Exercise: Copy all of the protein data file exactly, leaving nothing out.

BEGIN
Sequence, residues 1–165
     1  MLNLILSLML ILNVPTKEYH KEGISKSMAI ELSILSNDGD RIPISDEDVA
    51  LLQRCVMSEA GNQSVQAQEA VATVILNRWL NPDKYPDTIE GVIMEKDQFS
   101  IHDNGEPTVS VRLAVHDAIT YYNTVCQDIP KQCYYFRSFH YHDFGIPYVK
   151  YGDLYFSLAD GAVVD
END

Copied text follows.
Sequence, residues 1–165
     1  MLNLILSLML ILNVPTKEYH KEGISKSMAI ELSILSNDGD RIPISDEDVA
    51  LLQRCVMSEA GNQSVQAQEA VATVILNRWL NPDKYPDTIE GVIMEKDQFS
   101  IHDNGEPTVS VRLAVHDAIT YYNTVCQDIP KQCYYFRSFH YHDFGIPYVK
   151  YGDLYFSLAD GAVVD